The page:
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Caring for life, death and beyond in children’s palliative care

Carer playing with child at a children's hospice

Across the UK this week, charities, volunteers and fundraisers have been celebrating the tireless work of children’s palliative care teams as part of Children’s Hospice Week, supported by the Duchess of Cambridge.

Children’s palliative care charity Together for Short Lives has been behind a national campaign, #UpTheVolume, to raise awareness of the work that hospices do to support children and their families, week in and week out, throughout the year.

When a child has a life-limiting condition, hospice teams and palliative care staff can help families make the most of the time they have left together.

“As well as helping families to make the most of every moment, services also support families to collect memories that are meaningful,” says Jane Houghton, Together For Short Lives’ practice and service development manager. “This can be a really unifying experience for the whole family.”

The charity has found that supporting families and children to create a ‘life story’ of the child can be a joyful bonding experience in life and bring comfort, following a death. It’s just one of the ways in which hospice care supports families through life and a bereavement.

For many of the families accessing palliative care, there will come a time when they have to say goodbye. When a child dies, the hospice and palliative care staff stand beside the family throughout it all.

“Many people assume that the role of children’s palliative care services comes to an end when a child dies,” says Jane. “In fact, care of the child and family continues through death and beyond.

“When a child does die, honest and open communication is needed to balance the needs and wishes of the child and family with the practical tasks that need to be undertaken after death.”

Saying goodbye

When a family loses a child, having the chance to say goodbye can be vital. The facilities at hospices make this possible. Among them are cool rooms, which were introduced by the world’s first children’s hospice, Oxford’s Helen House, in the 1980s. The first one was designed to look as much like an ordinary room as possible, with ordinary windows but also the capacity to cool the room as required.

“Most children’s hospices today provide a cool room where children can be placed after they die, until their funeral or before being transferred to a funeral director,” says Jane.

“Children’s hospice cool rooms are usually referred to by an appropriately compassionate name – the star room, for example, or the angel, butterfly or rainbow room. They are usually complemented by an adjoining family suite, where the family can stay and spend time with their child after death.”

The hospice can also support the family if they wish to take their child home, by providing equipment such as an air-conditioning unit or cooling blanket.

Children’s hospices also support families with any practicalities, which can seem overwhelming for families who are trying to cope with the death of a child.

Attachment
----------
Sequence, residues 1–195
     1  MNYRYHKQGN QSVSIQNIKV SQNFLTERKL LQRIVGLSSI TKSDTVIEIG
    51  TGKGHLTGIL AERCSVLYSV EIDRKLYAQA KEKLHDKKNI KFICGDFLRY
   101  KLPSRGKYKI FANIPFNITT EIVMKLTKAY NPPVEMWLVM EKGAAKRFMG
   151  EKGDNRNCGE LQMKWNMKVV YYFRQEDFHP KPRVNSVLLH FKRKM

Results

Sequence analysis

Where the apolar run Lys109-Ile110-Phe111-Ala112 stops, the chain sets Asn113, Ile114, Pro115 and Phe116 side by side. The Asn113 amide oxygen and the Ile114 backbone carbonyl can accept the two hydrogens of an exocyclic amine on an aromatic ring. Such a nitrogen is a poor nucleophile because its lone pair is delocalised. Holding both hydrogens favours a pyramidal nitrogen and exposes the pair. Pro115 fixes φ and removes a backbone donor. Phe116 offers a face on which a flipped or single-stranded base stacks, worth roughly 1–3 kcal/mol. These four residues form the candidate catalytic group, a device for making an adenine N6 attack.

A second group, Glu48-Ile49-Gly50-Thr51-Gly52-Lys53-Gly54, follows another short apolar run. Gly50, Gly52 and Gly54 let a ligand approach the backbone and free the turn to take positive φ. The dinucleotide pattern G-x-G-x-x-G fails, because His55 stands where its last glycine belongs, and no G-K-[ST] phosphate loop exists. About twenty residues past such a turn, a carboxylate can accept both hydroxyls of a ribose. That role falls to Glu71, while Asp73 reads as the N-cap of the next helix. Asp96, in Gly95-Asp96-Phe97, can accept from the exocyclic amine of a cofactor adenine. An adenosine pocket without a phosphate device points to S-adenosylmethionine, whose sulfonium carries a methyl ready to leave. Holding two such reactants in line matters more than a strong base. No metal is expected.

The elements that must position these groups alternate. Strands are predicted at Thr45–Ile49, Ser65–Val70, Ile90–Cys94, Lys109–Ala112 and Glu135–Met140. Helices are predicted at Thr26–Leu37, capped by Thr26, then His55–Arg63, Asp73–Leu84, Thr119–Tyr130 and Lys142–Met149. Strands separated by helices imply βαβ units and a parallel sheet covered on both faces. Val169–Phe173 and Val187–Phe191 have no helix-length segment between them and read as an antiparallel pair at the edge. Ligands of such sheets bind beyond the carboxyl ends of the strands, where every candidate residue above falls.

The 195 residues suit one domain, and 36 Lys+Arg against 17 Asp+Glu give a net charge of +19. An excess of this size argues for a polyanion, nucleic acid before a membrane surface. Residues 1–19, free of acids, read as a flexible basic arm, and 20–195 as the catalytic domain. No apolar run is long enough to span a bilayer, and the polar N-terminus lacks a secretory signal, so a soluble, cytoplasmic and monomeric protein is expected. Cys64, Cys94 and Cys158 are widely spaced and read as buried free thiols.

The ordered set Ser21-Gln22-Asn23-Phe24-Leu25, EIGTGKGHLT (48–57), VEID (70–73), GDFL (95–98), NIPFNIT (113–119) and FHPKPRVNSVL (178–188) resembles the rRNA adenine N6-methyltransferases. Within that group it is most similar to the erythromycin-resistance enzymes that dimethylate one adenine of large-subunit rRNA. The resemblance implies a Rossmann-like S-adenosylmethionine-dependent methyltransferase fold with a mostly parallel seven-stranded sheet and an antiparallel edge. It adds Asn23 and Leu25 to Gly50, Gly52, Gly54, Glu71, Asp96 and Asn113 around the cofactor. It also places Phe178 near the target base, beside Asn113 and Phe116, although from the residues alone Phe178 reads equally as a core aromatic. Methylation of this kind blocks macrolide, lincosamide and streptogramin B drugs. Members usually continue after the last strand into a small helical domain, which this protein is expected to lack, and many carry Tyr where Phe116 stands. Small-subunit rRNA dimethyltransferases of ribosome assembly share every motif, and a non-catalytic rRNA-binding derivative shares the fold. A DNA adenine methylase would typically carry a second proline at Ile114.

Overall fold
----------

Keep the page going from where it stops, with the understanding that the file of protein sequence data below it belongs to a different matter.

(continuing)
As a member of the Funeral Poverty Alliance, Together For Short Lives has been involved in campaigning to help ease the burden for families at a difficult time, which has led to some UK councils no longer charging for children’s burials and support from members of the medical and funeral professions.

“Foremost is the arrangement of a funeral,” explains Jane. “It is important to know that lots of funeral directors will provide a child’s funeral free of charge. Similarly, many doctors do not charge to sign a child’s death certificate.

Ongoing support

Hospices continue to be there for bereaved families after the death of a child.

“Following the funeral, the family can be asked if they would like further contact,” Jane explains. “Discussing openly what type of support can be offered and by whom can enable the family to feel an element of control in decision making.

“Grief will change over time and different events, anniversaries and other significant moments will have an impact on the experience of grieving. Many children’s hospice services and children’s hospitals offer programmes for ongoing support including sibling days, grandparents’ days and annual remembrance days.

“All of these events continue to provide recognition of the bereaved family and an opportunity for them to remember and celebrate their child.”

According to Together For Short Lives, 49,000 children and young people are living in the UK with health conditions that are life-shortening or life-threatening – and the number is rising. That’s one in every 270 children – the equivalent of one in every school.

The charity has over 900 individuals, teams and organisations among its members, committed to supporting children and young people and their families. To continue to do so, they rely upon the generous support of the public. If you’d like to join in fundraising efforts and raise awareness, you can follow the conversation on Twitter and Facebook with the hashtag #ChildrensHospiceWeek. You may also want to make a donation to Together for Short Lives or your local children’s hospice, which you can find here.

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